This is due to the fact that millions of Afghans live and work in Iran, legally and illegally, despite the efforts of the government and the UNHCR, the UN refugee agency, to repatriate them.  Iran continues to host one of the largest and most protracted refugee populations in the world, although the voluntary return of millions of Afghan (and thousands of Iraqi) refugees to their countries of origin over the past decade has been expedited.
With the difficult economic conditions in the country, rampant joblessness and the added burden of years of painful US, UN, EU sanctions, Tehran wants the Afghans to leave sooner rather than later. But it seems its calls and appeals to the government in Kabul and the international community responsible for their voluntary return has fallen on deaf ears.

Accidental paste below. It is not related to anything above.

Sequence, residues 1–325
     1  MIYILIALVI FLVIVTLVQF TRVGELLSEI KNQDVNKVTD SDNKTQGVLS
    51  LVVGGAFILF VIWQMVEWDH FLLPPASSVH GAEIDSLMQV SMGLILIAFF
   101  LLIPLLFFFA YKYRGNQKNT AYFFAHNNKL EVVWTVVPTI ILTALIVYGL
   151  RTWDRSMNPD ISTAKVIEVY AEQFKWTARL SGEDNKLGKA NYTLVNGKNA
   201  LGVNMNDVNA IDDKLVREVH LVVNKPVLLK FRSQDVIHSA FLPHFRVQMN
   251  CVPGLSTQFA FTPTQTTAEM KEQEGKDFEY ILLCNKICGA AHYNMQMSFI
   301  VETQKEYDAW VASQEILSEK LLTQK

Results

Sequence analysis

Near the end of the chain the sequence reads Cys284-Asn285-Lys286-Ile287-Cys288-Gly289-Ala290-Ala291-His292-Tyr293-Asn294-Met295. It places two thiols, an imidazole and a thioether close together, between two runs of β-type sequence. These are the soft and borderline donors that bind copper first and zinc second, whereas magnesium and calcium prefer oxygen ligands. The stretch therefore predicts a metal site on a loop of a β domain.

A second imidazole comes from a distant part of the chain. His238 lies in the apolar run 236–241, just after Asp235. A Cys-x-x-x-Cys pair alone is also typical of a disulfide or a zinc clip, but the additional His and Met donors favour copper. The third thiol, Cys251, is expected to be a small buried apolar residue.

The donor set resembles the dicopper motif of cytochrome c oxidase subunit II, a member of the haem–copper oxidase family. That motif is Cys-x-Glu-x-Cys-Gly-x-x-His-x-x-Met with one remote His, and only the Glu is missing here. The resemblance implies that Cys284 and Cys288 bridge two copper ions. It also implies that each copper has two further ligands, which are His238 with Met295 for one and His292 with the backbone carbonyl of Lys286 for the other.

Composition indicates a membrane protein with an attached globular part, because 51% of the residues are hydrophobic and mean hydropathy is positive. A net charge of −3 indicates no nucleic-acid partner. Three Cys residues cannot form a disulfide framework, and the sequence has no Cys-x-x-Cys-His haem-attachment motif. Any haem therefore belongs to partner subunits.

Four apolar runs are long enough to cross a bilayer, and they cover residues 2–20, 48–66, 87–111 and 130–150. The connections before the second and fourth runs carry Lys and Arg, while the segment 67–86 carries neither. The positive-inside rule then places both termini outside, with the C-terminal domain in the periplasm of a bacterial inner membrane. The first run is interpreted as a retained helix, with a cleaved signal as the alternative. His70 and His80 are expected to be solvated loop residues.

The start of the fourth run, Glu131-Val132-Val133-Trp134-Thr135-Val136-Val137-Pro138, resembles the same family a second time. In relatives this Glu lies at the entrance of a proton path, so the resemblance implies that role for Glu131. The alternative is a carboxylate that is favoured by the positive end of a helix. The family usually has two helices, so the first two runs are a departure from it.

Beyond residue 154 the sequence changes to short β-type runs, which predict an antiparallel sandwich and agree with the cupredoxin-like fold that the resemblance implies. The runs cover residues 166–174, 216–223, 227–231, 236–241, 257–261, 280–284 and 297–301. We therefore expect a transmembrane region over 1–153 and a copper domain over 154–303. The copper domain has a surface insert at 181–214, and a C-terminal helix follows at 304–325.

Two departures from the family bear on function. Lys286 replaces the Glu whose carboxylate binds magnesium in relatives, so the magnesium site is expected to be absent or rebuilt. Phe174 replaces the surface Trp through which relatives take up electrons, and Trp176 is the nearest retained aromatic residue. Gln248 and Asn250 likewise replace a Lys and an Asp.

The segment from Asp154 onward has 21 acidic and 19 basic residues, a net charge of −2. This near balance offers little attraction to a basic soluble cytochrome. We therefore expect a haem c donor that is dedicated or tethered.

Citizenship Law
According to the Iranian nationality law, children born to Iranian mothers and non-Iranian fathers can apply for citizenship after 18 years of residence in Iran. But, if their parents’ marriage is not registered, there is no possibility of making such a request.
The number of Iranian girls’ married to Afghan men is significantly high. The marriages mostly occur in the border areas, including in Sistan-Baluchestan and Khorasan Razavi provinces, and also in the southern parts of Kerman and Tehran provinces. Unofficial statistics indicate the marriage of 20,000 girls from Mashhad with foreign nationals, mostly Afghans, since there is huge settlement for refugees in the holy city, where the shrine of the 8th Shia Imam Reza (AS) is located.